This comment was from Marcus Williams on the post “We Are Pregnant.”
Short versions aren’t my strength, but I’ll try to give one about how I came to be a father to almost 3-yr. old twins.
Conception did not occur easily, or by accident. It took years of emotional, physical, and financial investment by both my wife and me to achieve pregnancy and parenthood. My wife had to endure more physical discomforts than I did, which I never denied or tried to pretend otherwise, but if you’re picturing some ejaculate-and-wait kind of dad, you’re not picturing me. I literally had a piece of a testicle removed to become a father, so that sperm could be found, extracted, and injected to create embryos, because the usual way was not an option. I did that with only a 25% chance of finding any, and while we got very lucky and found some, we were prepared on that day to use donor sperm if that’s what it took to become parents. Pregnancy was not just a physical state that happened to my wife as I spectated – it was a goal we worked toward together, enduring good news and bad news together, over the course of years together, until we finally got pregnant together.
It was a twin pregnancy, so like most twin pregnancies, it was even more complicated and uncomfortable than usual. I did not share in the uterine or direct hormonal aspects of my wife’s pregnancy, but there was no part of her pregnancy in which I wasn’t involved, or that didn’t affect me. I took care of her willingly and gladly, because I loved her and she was growing our babies. I was at every doctor’s appointment and ultrasound (we had several with twins). I worked the doppler ultrasound we rented so we could listen to our babies’ heartbeats. I abstained from sex when the doctor ordered it, which was all but about 2 months of the pregnancy, during which she wasn’t very interested anyway. I took her to the ER at month 6 when she was hospitalized for serious gallstones. I took care of her when she was discharged and ordered on strict bedrest for the rest of her pregnancy. A month later, we were back at the hospital together when our babies were born a little more than 8 weeks premature.
While my wife was recovering from an emergency c-section, I was the first one (not counting medical staff) to touch or hold our babies in the NICU. While she recovered from that surgery and then another surgery a few weeks later to finally have her gall bladder out, I was attentive as both a husband and father, helping my wife with things she needed help with, and being at the NICU twice a day for over 5 weeks to hold our babies for an hour at a time, glad to be able to change diapers or give baths when we were finally allowed. If you pay attention to the math involved, my daughters spent the last two months of what is normally part of gestation, when according to you, “Baby has been with mommy … and all he knows is her sound, her movement, her voice, her smell,” knowing my sound, movement, voice, and smell. I wore the same soft shirt every time I held them in the NICU, and left it in their isolettes when we left so my smell would stay with them. Before birth, I was a frequent tummy toucher and talker, which I know is not the same as being the body they’re in, but your picture of total daddy sensory deprivation during a 9-month gestation again failed to capture the variety of pregnancy experience that is possible.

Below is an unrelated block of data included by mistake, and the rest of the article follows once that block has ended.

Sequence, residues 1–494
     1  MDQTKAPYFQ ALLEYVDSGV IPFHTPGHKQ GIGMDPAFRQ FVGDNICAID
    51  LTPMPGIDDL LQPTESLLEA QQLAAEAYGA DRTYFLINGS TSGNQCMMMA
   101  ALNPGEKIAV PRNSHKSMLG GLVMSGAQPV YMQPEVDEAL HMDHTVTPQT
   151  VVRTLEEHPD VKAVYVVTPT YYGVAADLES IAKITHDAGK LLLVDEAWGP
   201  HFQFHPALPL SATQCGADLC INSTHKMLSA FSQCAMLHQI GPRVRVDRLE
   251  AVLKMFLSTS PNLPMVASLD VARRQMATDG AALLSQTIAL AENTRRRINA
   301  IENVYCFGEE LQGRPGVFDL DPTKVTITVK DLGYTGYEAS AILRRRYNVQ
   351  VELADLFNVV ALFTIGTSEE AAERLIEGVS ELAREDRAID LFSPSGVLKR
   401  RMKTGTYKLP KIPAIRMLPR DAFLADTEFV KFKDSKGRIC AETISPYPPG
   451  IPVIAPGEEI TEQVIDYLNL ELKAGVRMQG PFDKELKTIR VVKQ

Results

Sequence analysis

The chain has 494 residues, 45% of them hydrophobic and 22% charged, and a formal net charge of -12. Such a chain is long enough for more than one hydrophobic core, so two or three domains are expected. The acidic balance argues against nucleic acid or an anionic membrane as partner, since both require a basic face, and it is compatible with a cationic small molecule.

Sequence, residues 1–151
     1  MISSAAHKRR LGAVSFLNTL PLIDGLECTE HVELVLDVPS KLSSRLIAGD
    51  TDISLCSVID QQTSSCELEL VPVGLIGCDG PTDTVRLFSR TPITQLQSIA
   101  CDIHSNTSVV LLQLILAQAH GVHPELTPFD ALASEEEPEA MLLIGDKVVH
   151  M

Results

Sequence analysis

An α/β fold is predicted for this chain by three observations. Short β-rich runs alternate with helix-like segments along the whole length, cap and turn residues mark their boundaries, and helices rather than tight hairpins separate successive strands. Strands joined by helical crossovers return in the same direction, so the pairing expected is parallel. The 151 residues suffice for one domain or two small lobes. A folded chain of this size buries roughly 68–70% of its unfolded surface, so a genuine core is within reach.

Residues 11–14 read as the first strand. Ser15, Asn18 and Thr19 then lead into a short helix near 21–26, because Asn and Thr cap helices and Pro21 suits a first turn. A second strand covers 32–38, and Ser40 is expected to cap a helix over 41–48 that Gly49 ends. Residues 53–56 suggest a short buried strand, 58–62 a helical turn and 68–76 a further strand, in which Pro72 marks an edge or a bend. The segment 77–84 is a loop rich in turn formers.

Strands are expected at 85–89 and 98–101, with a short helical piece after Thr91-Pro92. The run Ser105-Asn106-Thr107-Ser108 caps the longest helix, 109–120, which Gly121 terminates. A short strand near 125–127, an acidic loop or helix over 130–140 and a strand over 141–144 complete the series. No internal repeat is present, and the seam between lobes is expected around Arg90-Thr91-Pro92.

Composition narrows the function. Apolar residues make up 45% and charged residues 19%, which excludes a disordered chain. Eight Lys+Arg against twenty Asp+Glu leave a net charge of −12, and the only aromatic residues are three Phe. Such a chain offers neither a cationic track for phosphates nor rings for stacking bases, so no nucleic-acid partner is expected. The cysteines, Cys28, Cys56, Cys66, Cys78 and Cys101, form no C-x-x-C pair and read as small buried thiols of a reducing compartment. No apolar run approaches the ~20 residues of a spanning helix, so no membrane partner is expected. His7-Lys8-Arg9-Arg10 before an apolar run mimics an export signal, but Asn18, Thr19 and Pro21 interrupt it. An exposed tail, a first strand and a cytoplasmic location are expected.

My wife breastfed as much as she could, but between milk supply and what our babies were capable of, most feeding happened first by a tube through the nose, and later by bottles, which I always shared in giving. I’ve never shirked diaper duties, including the poopie ones. Whether it’s been feeding, bathing, cuddling, changing, holding, comforting, or otherwise physically caring for and bonding with our girls, I’ve done it all, and continue to do so. You know that moment of gut wrenching heartbreak you described most dads having when darling baby wakes up and sees it’s not Mommy holding them? Never happened to me.
Given our experience and my level of involvement and enthusiasm at every step of the parenting, from pre-conception to our present state as parents of healthy toddlers, I would be not only insulted, but deeply hurt if my wife had the attitude of minimizing my role or ability to understand pregnancy and parenting because I don’t have a uterus or breasts like she does. If she claimed the babies as more hers than mine, saying it was my role to be fulfilled as a man by tending to her and her babies, that I should never expect to bond with as much as her, or if she had argued that pregnancy only affected her and not me, I would have been…I don’t even know. Furious is the word that comes to mind, but it would have been so incompatible with my view of being a father and husband that I would have hoped to find that out before it ever happened, and break it off before ever making the mistake of having kids with her. Luckily, that didn’t happen.
photo: jm_studios / flickr